Down the coast I went, past the five-dollar gas and the empty restaurants. The roads were still crowded. Picked up the motorcycles and hit the back roads. Los Angeles may still have dead-stopped freeways at the current employment level, but inland California has become a wasteland. We’d stop at diners with three people working and four people eating during the “lunch rush”, ride through towns with no discernible human activity going on and recently-applied boards on every window. On 58 between San Luis Obispo and Taft, there’s a section where you can’t get any food or fuel for 72 miles. There’s a warning sign. It was time to take photos, so we put the bikes in the middle of the road. For more than 45 minutes, we didn’t have to move the bikes. Finally, a new-ish Forester rolled through, faces pressed to the glass to observe our odd behavior. Then nothing, until it was time to leave.
People were talking about Afghanistan, when we saw people. How the United States had left hundreds of aircraft, trucks, brand-new MRAPs. Blackhawk helicopters. A few Embraer ground-attack planes. Well, they say, the Taliban is too stupid and unsophisticated to make ’em run. Yes, these stupid and unsophisticated Taliban, who didn’t bother to read The End Of History and therefore just kept making history. But even if the average fedayeen can’t maintain an A-29 Super Tucano, I’m pretty sure he’ll know what to do with the tens of thousands of M4 assault rifles left brand-new in crates for him. If you’re an American citizen, possession of a so-called “Class III machinegun” built after 1986, like a current M4, will land you in pound-you-in-the-you-know-what federal prison. If you’re a member of the Taliban, the US Government just bought you a nearly unlimited supply of them, with taxpayer money. Location, location, location.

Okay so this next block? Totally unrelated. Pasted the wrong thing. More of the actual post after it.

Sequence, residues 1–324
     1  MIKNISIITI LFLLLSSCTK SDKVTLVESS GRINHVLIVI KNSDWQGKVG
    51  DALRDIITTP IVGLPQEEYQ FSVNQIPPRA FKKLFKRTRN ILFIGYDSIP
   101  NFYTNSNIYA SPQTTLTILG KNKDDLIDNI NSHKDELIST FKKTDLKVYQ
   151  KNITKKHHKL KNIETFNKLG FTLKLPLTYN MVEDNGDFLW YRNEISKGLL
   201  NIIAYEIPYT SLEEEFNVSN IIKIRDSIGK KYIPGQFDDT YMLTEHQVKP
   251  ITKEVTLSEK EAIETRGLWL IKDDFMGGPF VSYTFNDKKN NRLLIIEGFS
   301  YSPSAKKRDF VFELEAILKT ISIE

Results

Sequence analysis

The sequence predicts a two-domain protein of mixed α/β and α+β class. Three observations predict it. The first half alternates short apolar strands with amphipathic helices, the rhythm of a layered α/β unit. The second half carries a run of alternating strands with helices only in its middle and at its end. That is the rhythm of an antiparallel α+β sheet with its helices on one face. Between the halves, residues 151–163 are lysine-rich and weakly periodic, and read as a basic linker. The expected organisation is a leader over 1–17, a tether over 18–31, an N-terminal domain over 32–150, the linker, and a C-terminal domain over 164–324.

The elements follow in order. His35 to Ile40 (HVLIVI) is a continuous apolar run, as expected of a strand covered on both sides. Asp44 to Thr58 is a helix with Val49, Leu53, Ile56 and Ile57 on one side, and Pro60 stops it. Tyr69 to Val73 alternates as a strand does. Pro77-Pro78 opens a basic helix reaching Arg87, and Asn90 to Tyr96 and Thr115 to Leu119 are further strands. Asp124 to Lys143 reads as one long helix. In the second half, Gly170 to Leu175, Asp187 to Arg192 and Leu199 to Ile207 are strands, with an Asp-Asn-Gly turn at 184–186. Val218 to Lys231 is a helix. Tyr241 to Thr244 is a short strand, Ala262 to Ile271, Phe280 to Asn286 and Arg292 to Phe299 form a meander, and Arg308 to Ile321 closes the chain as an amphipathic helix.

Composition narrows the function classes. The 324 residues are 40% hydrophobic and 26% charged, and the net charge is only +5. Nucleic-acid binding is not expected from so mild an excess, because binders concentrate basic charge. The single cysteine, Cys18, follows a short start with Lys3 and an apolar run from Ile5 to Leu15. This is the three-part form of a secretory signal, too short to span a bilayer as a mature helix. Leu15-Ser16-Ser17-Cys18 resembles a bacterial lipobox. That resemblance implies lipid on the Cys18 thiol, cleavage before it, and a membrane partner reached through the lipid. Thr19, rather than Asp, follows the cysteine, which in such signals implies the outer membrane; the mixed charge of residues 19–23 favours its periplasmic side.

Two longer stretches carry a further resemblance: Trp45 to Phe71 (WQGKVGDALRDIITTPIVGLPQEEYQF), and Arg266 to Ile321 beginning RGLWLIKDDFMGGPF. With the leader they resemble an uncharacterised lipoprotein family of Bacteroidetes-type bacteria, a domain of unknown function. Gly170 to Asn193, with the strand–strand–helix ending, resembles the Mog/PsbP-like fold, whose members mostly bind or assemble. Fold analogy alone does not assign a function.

I had dinner and spent the evening with a car-racing friend. He has a penthouse condo facing the Capitol Record building. A $77,000 Ducati Desmodici RR as an ornament for his living room. A 300-pound, six-foot-four black man who was the embodiment of pure silver-tooth-capped menace stood between me and the front door. I established bona fides and he relaxed at not having to spend somewhere between six and ten seconds of his valuable beating my ass into the quartz-flaked sidewalk. “Oh, you a rider,” he said, admiring my Kawasaki Z900RS. “Let me show you mine.” He dug out his phone to show me that he owned a purple Electra Glide converted to “bagger” style. “You see how I ride. I’m out on these streets all the time. We should meet up. Hey man,” he growled at a shambling, crooked fellow literally sans culottes of any kind, “get the f*** away from that trash can, that ain’t your trash.”